Here in the States, we have laws against inciting riots or advocating the violent overthrow of the government. Have anything similar Down Under?
Haven't experienced anything yet that makes me even think about it...one does need a permit to stage a demonstration, and the police are all over it. Our security services (ASIO) are keeping their eyes on the trouble makers, several of whom are under house arrest, many are in jail awaiting trial. Remember, out of 20 million Australians, we only have some 350,000 muslims, and the new laws in place for intending immigrants are very tight.
The government has been very quietly deporting non-citizens to their home countries...
Aside from the '4,000 Youth Group Members' that the Lebanese are threatening us with, who are mostly welfare recipient gang members dealing drugs and stealing cars, or harrassing locals (when they aren't being locked up for 45 years for taking part in pack-rapes...) we seem to have a good handle on things.
Their numbers are still too small for 'riots or advocating the violent overthrow of the government' - they have to make do with being a pain in the A$$ and insulting us at every opportunity. (We give back good or better than, we aren't at all PC.)
Over-all, the clerics and the loudmouths have made a laughing stock of themselves. I'll post a few more links to bring you up to date on the wonderful world of islam in Oz.
Australia Police Arrested 17 Terror Suspects In Raids
By Robert Raffaele
08 November 2005
Police in Australia say they have foiled a plot to carry out a major terror attack, following the arrest of 17 men in raids in Australia's two largest cities. A radical Muslim cleric known for praising Osama bin Laden is among the captured suspects. He is charged with masterminding the plot. VOA's Robert Raffaele has more.
More than 500 police were involved in raids across Sydney and Melbourne. Eight men were arrested in Sydney, another nine in Melbourne. Authorities seized weapons, computers, chemicals, and backpacks.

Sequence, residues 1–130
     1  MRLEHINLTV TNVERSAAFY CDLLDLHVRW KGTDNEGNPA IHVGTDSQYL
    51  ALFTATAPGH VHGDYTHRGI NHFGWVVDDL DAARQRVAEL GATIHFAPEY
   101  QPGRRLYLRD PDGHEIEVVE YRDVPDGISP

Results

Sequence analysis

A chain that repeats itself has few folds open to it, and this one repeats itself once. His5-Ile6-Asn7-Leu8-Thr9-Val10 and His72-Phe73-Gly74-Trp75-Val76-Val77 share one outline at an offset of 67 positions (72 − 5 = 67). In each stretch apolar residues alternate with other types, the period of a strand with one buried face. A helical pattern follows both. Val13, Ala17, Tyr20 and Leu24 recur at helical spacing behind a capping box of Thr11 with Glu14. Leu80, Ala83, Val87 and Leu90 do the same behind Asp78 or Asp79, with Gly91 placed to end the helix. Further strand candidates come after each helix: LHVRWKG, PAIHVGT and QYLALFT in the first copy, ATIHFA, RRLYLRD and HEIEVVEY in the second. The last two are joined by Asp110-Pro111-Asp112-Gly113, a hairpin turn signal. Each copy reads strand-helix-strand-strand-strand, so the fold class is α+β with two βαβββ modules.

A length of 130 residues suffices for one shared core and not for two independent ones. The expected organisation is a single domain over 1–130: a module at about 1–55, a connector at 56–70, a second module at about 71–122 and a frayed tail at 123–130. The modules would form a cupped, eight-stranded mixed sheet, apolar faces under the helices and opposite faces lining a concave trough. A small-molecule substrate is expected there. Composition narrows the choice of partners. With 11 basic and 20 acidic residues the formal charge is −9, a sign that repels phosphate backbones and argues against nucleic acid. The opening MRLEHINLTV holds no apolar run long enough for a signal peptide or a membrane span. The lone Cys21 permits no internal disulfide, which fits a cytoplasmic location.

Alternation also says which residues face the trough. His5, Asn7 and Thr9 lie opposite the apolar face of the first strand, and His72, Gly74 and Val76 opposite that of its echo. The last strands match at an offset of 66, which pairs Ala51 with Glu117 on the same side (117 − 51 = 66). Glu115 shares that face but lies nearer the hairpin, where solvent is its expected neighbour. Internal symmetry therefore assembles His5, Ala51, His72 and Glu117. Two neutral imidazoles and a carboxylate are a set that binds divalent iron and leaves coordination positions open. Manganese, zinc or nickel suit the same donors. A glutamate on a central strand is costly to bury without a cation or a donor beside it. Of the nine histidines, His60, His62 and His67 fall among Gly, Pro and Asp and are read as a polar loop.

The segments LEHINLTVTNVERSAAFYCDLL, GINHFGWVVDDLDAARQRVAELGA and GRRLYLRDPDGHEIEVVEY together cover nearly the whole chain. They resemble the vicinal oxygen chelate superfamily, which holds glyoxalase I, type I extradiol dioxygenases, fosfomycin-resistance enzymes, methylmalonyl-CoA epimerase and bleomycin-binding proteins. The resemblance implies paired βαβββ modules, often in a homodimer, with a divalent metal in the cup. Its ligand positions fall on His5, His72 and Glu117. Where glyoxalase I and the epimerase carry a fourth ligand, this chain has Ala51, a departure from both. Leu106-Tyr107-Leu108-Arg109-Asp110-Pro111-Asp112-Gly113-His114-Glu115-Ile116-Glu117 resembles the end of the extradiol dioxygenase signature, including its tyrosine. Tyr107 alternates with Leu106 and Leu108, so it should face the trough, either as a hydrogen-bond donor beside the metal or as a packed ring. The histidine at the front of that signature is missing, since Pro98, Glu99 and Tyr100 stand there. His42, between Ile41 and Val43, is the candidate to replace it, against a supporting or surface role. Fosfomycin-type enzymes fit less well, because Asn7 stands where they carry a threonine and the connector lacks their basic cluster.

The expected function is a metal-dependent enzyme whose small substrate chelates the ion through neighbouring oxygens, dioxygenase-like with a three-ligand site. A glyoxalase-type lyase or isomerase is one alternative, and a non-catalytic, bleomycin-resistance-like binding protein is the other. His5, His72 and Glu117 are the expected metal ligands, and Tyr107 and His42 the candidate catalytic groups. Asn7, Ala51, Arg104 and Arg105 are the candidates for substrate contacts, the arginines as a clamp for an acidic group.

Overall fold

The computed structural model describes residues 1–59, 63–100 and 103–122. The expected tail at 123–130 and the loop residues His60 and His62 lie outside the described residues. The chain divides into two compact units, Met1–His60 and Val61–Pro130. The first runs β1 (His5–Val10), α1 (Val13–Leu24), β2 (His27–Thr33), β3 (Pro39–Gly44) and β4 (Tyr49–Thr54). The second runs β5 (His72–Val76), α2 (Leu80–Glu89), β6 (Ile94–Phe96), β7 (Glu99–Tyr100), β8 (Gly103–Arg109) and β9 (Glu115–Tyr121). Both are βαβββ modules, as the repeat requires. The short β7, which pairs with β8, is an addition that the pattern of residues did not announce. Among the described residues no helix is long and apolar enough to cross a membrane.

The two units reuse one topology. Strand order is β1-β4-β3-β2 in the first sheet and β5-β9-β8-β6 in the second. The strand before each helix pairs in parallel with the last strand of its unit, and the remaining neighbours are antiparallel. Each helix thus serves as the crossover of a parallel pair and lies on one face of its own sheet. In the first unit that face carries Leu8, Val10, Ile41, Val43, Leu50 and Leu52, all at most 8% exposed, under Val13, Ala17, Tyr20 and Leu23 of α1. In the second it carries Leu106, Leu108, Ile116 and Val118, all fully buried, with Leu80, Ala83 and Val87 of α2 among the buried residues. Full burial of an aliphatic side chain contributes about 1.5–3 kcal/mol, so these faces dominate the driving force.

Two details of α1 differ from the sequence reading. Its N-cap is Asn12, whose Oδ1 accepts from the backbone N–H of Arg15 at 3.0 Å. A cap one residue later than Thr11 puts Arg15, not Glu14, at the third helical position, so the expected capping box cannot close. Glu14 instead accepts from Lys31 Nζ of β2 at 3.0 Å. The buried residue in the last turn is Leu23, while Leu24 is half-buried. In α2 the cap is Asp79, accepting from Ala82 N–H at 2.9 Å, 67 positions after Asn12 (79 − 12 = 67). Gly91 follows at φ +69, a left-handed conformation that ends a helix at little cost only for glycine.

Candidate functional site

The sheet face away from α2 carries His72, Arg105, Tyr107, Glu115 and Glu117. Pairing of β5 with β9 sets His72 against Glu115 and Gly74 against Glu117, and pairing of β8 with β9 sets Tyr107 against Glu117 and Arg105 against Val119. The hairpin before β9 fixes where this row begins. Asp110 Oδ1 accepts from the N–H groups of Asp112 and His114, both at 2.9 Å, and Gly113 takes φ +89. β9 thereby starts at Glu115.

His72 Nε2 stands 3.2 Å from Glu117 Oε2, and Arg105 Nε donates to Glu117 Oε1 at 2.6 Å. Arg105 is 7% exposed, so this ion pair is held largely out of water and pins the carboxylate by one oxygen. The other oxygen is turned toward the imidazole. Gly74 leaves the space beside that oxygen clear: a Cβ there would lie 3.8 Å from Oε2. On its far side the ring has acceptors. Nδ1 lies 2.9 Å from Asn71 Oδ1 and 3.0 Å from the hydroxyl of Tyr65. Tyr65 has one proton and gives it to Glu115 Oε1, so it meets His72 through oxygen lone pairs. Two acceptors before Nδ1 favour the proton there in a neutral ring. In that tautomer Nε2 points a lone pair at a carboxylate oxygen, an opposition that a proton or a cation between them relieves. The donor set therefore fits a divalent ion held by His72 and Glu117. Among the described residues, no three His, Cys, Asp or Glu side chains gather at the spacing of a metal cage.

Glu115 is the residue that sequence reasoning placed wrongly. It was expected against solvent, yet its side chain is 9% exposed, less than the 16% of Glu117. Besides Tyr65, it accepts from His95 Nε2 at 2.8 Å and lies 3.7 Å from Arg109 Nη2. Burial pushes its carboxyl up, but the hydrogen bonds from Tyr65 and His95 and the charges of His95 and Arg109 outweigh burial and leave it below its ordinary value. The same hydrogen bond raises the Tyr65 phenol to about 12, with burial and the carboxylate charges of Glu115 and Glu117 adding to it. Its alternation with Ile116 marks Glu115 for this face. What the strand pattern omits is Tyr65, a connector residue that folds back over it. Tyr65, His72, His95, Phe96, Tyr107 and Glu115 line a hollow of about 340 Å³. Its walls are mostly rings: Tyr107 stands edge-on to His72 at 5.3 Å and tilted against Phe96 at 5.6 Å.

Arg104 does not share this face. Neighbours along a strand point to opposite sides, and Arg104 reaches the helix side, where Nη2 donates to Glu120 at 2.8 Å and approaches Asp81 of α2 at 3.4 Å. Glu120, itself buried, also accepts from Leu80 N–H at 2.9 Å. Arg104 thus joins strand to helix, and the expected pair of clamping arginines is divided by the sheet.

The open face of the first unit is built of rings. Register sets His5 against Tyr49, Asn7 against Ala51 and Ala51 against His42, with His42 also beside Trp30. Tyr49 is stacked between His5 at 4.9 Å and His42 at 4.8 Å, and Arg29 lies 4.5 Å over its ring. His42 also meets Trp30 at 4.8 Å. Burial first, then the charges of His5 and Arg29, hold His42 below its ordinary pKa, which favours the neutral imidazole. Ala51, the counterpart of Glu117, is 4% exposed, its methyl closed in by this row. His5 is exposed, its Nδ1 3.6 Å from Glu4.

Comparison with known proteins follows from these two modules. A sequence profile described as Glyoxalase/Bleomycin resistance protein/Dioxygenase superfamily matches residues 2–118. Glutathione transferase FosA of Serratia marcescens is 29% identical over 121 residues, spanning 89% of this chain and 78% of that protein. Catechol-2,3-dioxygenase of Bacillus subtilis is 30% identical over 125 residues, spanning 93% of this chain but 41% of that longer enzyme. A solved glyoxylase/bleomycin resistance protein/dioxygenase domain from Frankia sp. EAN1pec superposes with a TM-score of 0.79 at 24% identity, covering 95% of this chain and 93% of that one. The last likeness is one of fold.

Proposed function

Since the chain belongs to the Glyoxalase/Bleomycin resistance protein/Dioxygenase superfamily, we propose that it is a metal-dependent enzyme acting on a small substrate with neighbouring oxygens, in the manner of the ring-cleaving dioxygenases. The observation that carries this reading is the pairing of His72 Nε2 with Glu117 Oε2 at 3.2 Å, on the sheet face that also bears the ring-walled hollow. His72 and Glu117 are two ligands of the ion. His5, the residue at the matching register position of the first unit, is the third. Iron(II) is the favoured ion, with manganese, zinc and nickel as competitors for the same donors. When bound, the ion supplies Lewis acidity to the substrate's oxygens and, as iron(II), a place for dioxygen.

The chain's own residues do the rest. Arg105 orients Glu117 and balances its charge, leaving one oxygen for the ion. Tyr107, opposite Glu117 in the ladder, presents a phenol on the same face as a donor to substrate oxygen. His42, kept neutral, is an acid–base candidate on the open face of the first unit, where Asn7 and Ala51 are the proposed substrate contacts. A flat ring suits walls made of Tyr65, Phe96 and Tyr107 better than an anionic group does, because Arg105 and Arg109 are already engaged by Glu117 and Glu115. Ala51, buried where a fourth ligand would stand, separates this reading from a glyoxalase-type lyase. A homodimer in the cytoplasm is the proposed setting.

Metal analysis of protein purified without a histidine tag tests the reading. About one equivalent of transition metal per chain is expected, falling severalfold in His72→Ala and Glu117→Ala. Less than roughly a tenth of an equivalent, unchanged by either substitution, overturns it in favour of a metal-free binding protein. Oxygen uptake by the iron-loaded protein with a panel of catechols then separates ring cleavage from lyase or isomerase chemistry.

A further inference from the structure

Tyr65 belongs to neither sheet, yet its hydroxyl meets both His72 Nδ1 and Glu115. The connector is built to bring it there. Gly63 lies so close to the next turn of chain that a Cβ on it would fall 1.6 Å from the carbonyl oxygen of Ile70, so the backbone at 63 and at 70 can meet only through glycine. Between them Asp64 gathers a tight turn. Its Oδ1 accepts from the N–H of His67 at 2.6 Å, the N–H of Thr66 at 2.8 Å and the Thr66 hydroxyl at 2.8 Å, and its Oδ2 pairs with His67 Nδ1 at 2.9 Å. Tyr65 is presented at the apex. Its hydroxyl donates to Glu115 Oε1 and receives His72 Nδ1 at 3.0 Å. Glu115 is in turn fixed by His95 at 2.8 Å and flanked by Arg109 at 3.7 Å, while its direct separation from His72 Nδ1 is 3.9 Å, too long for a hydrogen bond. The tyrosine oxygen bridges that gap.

New South Wales Police Commissioner Ken Moroney said possible bomb-making materials were found. Prosecutors say the items are similar to those used in July's terror attacks in London.
"The linkages appeared to be common in the sense of the chemicals that appeared to have been used in London and the chemicals which we will allege were being gathered, or being sought, here both in New South Wales and Victoria."
Prosecutors say the suspects are committed to violent jihad against Australians.
Supporters of the suspects clashed with television cameramen outside courthouses in Melbourne and Sydney, and
Rob Starry, an attorney for eight of the Melbourne suspects, said they were not charged with terrorism. "Although it's been suggested that they've been charged in the planning and preparation of a terrorist offense, that's not reflected in these charges, and it's not reflected in the interrogations that we know so far."
One of the Melbourne suspects is the alleged mastermind, Abu Bakr, an Algerian-Australian Muslim cleric who has been quoted as saying he would violate his faith if he did not encourage his students to join the jihad, or holy war, in Iraq.
Australia has never been hit by a major terror attack, but its citizens have been targeted overseas, particularly in neighboring Indonesia, where dozens of Australians have been killed in bomb blasts since 2002.
Last week, Prime Minister John Howard rushed through Parliament an amendment to terror laws he said would strengthen police powers to arrest anyone plotting attacks.
Melbourne police say those new powers allowed them to carry out Tuesday's raids.